The issues facing these children are the same as Leah mentioned in her article, “Homeless families have no shelter of their own, are often hungry…live in emergency or transitional shelters”.   and from my experiences there is a distinct lack of space, few personal possessions and an underlying feeling of unease or fear of being threatened.  One mother living in a B&B with a baby and a 3 year old admitted to locking them in her bedroom when she went to have a shower,, to make sure they were safe and that no-one could get into her room.  How is that safe?  How can she be sure that neither child won’t harm themselves?  How can she have a shower in peace and relax?

How can schools support childrn living in difficult conditions?

A common problem for families living in these conditions, is their heightened sensitivity to what is happening around them.  They are not in a familiar environment, in a B&B they cannot control who stays in the room next door, and so may be housed with those who have drink, drug or anger issues, as well as mental health problems.  My child sleeps in a familiar bedroom, with familiar toys, the same routine and peace.  These children may be in rooms next to loud tvs, people shouting, swearing or arguingThe young people are not only sharing a room, but at times also a bed with their parents or siblings, so a restful night’s sleep is impossible!  The National Children’s Bureau  highlights how poverty and disadvantage will cause children to “lag far behind their more affluent peers in almost all areas of their lives”

How can schools support children living in difficult conditions?

There may be issues around concentrating in the classroom and so set short tasks requiring focused concentration, with a more practical activity or discussion to follow up on learning.  By changing the learning style, this can keep the child on task for longer.

Give the child space…

Acknowledge and arrange for the child to have ‘headspace’ or time to let off steam, if they are living in a noisy or cramped environment or have to be quiet so as no to upset or disturb those living around them.

Where can homework be done…

Be aware the child may need to complete homework during the day, due to not having a table or space to do so outside of school.  Ensure this can be achieved without the child missing much needed break times?

Involve appropriate professionals…

Involve the Senco and local agencies, with parental permission, to assist the family in their housing issue or to offer support in other ways.

Listen….

Know and understand the family’s situation.  Don’t be embarrassed to find out.  You can’t support the child if you don’t understand the problems.

Be aware for things going missing…

There may be issues around ‘borrowing’ school items or those from other children, especially if the child has very few possessions of their own, or they get lost due to the transient nature of their living arrangement.  Provide the child with his or her own set of equipment, pencil, ruler etc that can be left in school .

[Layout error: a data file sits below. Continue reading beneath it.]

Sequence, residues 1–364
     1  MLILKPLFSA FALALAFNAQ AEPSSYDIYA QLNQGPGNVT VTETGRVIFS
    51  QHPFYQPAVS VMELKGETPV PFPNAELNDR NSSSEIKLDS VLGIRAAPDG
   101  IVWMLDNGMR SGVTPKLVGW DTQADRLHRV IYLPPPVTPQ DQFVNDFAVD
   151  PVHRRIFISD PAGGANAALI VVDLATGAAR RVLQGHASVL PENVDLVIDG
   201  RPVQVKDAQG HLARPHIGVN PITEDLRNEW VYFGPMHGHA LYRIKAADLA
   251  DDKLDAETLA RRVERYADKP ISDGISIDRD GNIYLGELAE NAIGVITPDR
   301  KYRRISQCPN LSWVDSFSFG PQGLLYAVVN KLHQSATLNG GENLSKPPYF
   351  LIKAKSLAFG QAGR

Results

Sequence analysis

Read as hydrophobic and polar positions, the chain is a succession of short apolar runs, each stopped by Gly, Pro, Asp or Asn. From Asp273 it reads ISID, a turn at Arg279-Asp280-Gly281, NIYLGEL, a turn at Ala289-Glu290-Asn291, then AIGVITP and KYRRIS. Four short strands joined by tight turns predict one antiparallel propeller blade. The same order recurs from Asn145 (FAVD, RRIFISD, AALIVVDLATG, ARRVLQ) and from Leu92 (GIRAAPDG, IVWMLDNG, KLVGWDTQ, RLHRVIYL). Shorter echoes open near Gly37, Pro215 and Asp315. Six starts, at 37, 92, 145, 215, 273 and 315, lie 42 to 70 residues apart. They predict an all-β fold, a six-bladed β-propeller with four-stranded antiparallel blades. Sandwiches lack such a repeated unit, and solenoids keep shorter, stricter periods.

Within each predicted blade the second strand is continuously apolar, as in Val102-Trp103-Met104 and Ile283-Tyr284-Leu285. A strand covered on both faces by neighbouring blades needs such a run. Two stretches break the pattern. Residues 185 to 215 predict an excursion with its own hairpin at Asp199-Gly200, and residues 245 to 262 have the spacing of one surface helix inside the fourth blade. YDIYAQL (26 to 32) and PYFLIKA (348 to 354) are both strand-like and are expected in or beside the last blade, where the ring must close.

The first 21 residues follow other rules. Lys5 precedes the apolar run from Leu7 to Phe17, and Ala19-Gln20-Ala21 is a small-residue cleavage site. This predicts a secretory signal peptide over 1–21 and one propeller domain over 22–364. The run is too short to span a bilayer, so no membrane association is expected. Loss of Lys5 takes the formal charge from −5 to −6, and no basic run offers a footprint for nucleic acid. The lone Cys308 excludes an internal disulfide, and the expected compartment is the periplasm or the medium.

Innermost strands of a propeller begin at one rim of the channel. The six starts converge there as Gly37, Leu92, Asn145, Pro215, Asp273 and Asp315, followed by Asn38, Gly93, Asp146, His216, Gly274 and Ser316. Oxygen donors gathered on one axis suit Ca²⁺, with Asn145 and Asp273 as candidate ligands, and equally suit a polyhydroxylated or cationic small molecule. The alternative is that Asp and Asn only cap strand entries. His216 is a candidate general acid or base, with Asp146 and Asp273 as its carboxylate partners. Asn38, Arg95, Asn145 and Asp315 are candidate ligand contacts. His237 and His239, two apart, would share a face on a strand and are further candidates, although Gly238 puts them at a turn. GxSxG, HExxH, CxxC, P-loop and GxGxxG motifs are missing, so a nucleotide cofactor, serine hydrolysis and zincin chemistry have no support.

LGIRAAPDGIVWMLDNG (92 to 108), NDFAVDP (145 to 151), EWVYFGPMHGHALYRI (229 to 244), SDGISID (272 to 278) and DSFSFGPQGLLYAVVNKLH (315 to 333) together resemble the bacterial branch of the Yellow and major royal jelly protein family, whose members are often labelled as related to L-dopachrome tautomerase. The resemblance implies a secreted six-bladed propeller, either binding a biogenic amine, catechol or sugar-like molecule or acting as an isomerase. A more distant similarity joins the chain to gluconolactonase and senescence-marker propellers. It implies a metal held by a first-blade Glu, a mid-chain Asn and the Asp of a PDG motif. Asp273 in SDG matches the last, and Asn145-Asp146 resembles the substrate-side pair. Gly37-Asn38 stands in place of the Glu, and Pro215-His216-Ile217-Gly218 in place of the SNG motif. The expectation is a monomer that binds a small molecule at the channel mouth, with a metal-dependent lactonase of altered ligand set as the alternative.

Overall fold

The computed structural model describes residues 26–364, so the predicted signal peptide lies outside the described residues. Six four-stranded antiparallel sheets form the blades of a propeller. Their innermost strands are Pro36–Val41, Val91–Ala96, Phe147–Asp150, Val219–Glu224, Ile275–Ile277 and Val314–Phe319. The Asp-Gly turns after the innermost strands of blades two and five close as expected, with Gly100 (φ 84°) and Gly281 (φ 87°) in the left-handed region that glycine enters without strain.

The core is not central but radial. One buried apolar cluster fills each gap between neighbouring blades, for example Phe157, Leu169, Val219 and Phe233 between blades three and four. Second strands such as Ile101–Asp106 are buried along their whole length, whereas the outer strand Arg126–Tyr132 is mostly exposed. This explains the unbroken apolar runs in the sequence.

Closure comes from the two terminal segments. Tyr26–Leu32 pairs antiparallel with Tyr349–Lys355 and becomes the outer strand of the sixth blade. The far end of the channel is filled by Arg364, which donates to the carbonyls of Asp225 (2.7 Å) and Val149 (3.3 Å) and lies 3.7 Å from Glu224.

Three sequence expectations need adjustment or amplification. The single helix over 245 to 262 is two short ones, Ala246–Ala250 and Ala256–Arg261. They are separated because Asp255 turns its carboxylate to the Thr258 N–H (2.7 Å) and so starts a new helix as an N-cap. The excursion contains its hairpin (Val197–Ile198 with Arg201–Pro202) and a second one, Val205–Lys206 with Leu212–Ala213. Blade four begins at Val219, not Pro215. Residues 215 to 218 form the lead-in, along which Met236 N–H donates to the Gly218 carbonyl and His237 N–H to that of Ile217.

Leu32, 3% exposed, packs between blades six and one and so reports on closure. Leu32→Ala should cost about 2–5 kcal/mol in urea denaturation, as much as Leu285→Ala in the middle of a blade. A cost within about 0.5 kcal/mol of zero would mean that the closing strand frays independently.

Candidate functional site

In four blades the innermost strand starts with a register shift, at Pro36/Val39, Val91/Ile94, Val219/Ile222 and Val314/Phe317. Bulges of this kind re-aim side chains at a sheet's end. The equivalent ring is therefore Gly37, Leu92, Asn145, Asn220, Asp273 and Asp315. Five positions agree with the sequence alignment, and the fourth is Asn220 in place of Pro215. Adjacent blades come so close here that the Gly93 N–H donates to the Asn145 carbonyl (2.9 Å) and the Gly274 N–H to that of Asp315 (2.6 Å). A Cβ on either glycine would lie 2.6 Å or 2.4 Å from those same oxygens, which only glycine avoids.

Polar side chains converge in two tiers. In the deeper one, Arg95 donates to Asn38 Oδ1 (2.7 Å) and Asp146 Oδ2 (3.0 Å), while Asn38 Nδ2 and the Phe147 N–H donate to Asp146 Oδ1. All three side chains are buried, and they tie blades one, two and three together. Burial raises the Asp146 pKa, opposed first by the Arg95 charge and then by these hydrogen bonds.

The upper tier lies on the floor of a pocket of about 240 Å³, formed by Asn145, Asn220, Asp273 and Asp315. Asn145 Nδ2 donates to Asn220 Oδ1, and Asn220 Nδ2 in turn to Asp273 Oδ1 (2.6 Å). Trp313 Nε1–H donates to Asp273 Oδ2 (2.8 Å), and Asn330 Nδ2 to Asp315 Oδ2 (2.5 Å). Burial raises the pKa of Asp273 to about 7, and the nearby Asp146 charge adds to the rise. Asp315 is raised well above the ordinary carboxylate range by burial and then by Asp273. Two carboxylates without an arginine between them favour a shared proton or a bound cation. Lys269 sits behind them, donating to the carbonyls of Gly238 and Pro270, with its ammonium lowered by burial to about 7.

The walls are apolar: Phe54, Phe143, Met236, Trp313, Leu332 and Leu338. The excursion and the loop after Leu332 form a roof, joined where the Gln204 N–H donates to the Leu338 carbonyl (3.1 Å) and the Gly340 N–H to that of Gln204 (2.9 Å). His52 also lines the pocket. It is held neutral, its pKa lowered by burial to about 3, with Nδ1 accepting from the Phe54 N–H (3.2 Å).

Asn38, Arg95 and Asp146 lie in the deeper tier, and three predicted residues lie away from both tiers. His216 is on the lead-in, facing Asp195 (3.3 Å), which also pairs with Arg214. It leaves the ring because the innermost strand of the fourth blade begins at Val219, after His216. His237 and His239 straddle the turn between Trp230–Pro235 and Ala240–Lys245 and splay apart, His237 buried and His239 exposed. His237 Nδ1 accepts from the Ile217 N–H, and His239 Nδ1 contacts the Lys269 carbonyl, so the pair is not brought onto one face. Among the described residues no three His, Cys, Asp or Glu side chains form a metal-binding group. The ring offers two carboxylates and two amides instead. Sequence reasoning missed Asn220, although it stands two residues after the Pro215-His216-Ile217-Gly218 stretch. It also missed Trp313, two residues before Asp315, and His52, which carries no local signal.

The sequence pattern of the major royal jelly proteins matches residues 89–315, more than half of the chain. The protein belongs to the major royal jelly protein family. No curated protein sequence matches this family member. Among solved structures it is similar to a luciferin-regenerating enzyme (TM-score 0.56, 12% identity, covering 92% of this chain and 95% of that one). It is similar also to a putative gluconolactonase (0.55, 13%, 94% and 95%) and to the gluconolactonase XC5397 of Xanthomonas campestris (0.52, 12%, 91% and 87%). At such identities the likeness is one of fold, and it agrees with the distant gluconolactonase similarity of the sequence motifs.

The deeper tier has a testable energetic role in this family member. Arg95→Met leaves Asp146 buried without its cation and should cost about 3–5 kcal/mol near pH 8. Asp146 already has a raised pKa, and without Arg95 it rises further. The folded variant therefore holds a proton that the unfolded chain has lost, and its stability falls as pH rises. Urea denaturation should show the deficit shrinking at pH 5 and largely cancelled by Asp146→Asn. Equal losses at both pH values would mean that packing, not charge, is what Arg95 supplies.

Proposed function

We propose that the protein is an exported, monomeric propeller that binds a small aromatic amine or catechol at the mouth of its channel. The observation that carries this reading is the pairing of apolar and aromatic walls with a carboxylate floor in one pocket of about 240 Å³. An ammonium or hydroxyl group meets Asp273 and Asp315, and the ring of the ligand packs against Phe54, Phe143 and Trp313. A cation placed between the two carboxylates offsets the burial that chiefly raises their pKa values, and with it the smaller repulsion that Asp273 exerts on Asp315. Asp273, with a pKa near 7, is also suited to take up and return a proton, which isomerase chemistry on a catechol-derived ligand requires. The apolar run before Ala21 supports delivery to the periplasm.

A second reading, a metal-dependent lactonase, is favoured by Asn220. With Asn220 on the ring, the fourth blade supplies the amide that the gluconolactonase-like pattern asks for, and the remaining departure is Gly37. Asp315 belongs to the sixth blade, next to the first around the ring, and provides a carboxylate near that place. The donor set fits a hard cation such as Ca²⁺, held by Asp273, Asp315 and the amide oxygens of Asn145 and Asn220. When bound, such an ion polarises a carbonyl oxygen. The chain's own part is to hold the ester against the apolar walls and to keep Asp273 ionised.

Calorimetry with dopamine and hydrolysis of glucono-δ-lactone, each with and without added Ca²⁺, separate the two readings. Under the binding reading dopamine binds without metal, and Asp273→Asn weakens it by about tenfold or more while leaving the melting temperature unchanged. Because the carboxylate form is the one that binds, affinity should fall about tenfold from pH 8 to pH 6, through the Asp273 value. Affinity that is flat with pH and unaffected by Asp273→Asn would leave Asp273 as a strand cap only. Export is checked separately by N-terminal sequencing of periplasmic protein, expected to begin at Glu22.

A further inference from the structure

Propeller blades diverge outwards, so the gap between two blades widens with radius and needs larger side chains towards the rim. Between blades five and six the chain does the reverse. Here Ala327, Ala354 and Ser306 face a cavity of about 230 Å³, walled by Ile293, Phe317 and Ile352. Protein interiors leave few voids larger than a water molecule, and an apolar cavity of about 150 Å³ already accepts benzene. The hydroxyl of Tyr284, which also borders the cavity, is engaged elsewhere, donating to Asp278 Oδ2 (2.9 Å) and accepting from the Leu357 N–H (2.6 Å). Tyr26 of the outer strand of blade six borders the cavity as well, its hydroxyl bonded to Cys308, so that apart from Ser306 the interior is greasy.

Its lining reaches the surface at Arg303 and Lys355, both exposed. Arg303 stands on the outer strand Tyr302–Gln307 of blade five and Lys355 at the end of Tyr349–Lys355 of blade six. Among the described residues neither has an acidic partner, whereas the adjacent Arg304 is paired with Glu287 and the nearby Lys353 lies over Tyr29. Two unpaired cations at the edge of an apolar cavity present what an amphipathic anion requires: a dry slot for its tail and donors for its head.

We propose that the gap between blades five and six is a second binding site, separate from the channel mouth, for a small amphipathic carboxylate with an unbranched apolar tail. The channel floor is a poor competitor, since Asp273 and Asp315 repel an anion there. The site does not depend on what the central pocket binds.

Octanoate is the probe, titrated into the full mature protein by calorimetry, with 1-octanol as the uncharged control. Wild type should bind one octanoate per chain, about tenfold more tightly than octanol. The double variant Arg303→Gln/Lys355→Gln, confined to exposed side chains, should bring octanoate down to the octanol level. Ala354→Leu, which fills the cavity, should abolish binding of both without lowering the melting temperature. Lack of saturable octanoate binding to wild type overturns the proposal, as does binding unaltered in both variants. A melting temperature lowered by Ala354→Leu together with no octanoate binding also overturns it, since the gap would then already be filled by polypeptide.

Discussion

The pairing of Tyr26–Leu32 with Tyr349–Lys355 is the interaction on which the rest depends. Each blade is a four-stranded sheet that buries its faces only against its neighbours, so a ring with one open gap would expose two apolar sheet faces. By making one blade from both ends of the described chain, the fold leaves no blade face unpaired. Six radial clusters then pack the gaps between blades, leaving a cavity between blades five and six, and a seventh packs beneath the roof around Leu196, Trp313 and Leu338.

Issues with sharing…

The child may have difficulty sharing, as they may feel the object will be taken away from them and not returned.  Use circle time to discuss the principles of sharing, and have class toys/equipment that are readily available for the child to use, especially when they need comforting or re-focusing after an outburst.

Anxiety issues coming to the fore…

Recognise the child may be suffering from anxiety and need a lot of reassurance, praise and appropriate reward systems to improve his or her self confidence and self esteem.

Focus on inappropriate behaviour…

Deal with temper tantrums and behaviour outbursts calmly but firmly.  Children whose home lives are vicarious and potentially chaotic need boundaries within which they can express how they are feeling safely, and in which the same responses to their behaviour will be given each time.

 How can schools support children living in difficult conditions?

Do you think children in your school or Nursery may be living in uncertain circumstances, and show their anxiety in their behaviour?

If so, get in touch with me for some fresh ideas!

Nerves happen to everyone

Nerves hit us physically!

My stomach was churning this morning, as I hadn’t worked in London fonervesr a couple of months and had got out of the habit of the daily commute. Trying to get the timing right, park the car, buy the ticket and literally get on the train with a minute to spare!

 

 

 

 

I had a new group of people to train, plus an unknown venue and felt pressurised to arrive cool, calm and collected.

Almost as if I had willed it, events began to unravel. No paperwork had been prepared for me, so I was unable to get past security. My phone had no signal and so I couldn’t get my work contact’s’ details, and time was ticking by to the start of my training.

NervesThis anxiety is natural and usual for most of us.  The difference is how we, as individuals, deal with it.

 

For me, I had to assess the practical options as the course time was drawing nearer, and although everyone was being as helpful as possible, I still wasn’t any nearer setting up for my course!   I had to let go of the nerves and associated feelings of anxiety and tension and accept the reality of the situation,, as well as quickly come up with a fall back plan!  It’s about acknowledging these feelings but then moving from this emotional state to being pro-active and dealing with each obstacle rather then feeling ‘stuck’ and unable to cope.  what do you do?  I loved reading in the Metro today, that Rihanna used coaching to boost her self confidence before meeting her public.  it happens to us all.

Contact Paula or Richard if you want help overcoming these nerves.

 

Notes from a party

How awkward is it walking into a party as a couple when you don’t know many people? Do you smile manically at anyone looking your way,or ignore everyone and begin an animated conversation between yourselves and make it appear interesting to anyone looking your way? How much more difficult is it if you go to the party alone?

Alone at a party